When we moved and decided not to put the kids in a charter school again (given the utter clusterfuck that New Frontiers Charter School turned out to be), I had a brief moment of happiness thinking that my daughters wouldn’t need to be in uniforms this coming school year.
Then I remembered we live in SAISD, which has had a district-wide uniform requirement since the year after I graduated. (I remember being grateful I missed it!)
I hate school uniforms.
Too many schools consider uniforms to be a substitute for effective discipline. New Frontiers was one of those schools. Kids routinely ran in the halls, bullied other children, and generally acted like a bunch of little butt-monkeys. The school still claimed to have good discipline, and because of the uniforms, few parents noticed. Hell, once uniforms were introduced at Brackenridge, my alma mater, discipline issues skyrocketed. Of course, correlation does not imply causation, but no one was beating up the principle back when we could dress however we wanted—and believe me, she annoyed us just as much.
Uniforms seem to be considered substitute for other things, too. SAISD is the only school district in the city to require uniforms (here I refer to public, non-charter districts). It is also the only district in the city to be rated Academically Unacceptable by the state. Coincidence? Worry about how kids look should not replace worry about how/whether they’re learning.
Uniforms promote conformity. I don’t see conforming as a virtue. I never have. Of course, we’re kidding ourselves if we think that government schools, in their current incarnation, truly exist to educate our children properly, rather than in a way that will make them good little (liberal) citizens. But the uniforms make it that much more obvious what’s going on. Uniforms promote an “only one way is the right way” viewpoint, which is truly anathema to our country. Not to put too fine a point on it, back when I was in high school we all managed to learn in spite of some students having blue hair, spiked hair (or spiked blue hair), fishnet stockings, etc.
Uniforms place a disproportionate burden on poor parents. Back when I was in school and the uniform idea was first being floated, it was claimed that it would benefit poor families because it would stop teasing based on what you wore (which I never experienced, anyway) and save parents money because they wouldn’t have to buy two separate wardrobes—one for school and one for play.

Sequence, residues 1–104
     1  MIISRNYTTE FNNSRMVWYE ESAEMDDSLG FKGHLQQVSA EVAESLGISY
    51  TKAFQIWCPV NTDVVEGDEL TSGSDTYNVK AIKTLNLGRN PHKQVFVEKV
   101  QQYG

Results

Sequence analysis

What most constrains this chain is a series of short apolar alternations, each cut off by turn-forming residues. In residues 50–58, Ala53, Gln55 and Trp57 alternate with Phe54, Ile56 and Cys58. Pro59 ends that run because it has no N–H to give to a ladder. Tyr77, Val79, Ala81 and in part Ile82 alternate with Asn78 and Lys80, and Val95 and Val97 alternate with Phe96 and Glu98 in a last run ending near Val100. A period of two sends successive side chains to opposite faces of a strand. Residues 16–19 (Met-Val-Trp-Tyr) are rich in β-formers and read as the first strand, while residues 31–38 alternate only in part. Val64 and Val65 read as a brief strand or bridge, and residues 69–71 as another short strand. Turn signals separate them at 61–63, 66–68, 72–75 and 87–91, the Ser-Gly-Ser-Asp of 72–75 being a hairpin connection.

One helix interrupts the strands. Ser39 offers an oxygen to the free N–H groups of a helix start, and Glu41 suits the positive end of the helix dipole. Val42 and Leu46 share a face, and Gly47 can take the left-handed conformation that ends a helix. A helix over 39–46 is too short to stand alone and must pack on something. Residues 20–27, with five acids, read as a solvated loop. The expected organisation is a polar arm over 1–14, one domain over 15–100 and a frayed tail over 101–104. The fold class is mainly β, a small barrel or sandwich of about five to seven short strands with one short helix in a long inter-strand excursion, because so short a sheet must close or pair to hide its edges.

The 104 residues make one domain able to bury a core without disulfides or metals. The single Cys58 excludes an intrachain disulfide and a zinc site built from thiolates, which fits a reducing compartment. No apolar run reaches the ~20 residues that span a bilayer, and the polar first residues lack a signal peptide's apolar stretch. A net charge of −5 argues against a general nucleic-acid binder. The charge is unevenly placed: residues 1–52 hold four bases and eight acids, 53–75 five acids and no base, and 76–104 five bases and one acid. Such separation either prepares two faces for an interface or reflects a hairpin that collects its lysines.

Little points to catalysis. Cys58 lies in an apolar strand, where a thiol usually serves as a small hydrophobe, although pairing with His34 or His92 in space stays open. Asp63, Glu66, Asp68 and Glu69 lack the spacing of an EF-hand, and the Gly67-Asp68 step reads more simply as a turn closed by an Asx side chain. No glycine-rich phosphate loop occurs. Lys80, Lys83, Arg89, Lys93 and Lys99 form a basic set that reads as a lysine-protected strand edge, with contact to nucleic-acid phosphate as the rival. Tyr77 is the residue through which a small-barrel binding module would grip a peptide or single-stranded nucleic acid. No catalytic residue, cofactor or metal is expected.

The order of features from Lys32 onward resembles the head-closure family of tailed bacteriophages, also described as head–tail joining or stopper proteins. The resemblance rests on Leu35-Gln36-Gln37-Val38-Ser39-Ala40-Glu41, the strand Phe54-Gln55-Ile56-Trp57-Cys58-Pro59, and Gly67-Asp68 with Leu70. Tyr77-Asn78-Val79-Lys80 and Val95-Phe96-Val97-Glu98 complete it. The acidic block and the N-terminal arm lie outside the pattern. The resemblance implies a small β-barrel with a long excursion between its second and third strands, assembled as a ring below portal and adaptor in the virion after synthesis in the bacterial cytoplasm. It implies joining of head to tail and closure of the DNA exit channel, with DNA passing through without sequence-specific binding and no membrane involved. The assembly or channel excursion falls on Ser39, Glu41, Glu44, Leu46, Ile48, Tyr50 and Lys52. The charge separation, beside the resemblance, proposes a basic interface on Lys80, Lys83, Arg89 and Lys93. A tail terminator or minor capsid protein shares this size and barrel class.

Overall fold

There’s a lot wrong with that statement. Pretty much every part of it was obviously, demonstrably false. The last part of it is my favorite. As someone who grew up the child of a poor single mother, I can guarantee you I didn’t have “school clothes” and “play clothes.” I had clothes. There might have been some kids who changed clothes once they got home from school, but none of my friends did (well, not until high school, anyway, when packing clothes your parents didn’t allow you to wear & changing into them at school started).
Uniforms, however, do constitute a second wardrobe. That’s extra expense for poor families in two ways: the uniforms themselves, & the cost of laundering them. The prevalence of washaterias over on the south side should be a clue that not everyone has a washer and dryer at home. (We don’t, anymore.) The school district provides two uniforms to poor families, but when last I checked the school week was five days long, not two.
I don’t buy for a second, either, that kids can’t tell who has the more expensive clothing. There are kids in Dickies or Dockers and kids in George or White Stag. Big difference, and an obvious one, for the most part.
In all honesty, though, I think it is the conformity issue that bugs me the most. I make a point of not raising my kids the same way other people raise their kids. I am careful of their exposure to commercialism; I try to raise them to be skeptical of the status quo and to realize that if everybody else is doing it, it’s probably a bad idea. It may be that uniforms will make it less obvious that they are different from other students, but when I am trying to teach them that different is not something to be ashamed of, the insistence on sameness is counterproductive and frustrating. (Of course, I refuse to cede the raising of my children to the school administrators and staff, which is what caused me to continually butt heads with the folks at New Frontiers. They just did not get it. Uniforms or no, I will continue to be subversive in my child-rearing.)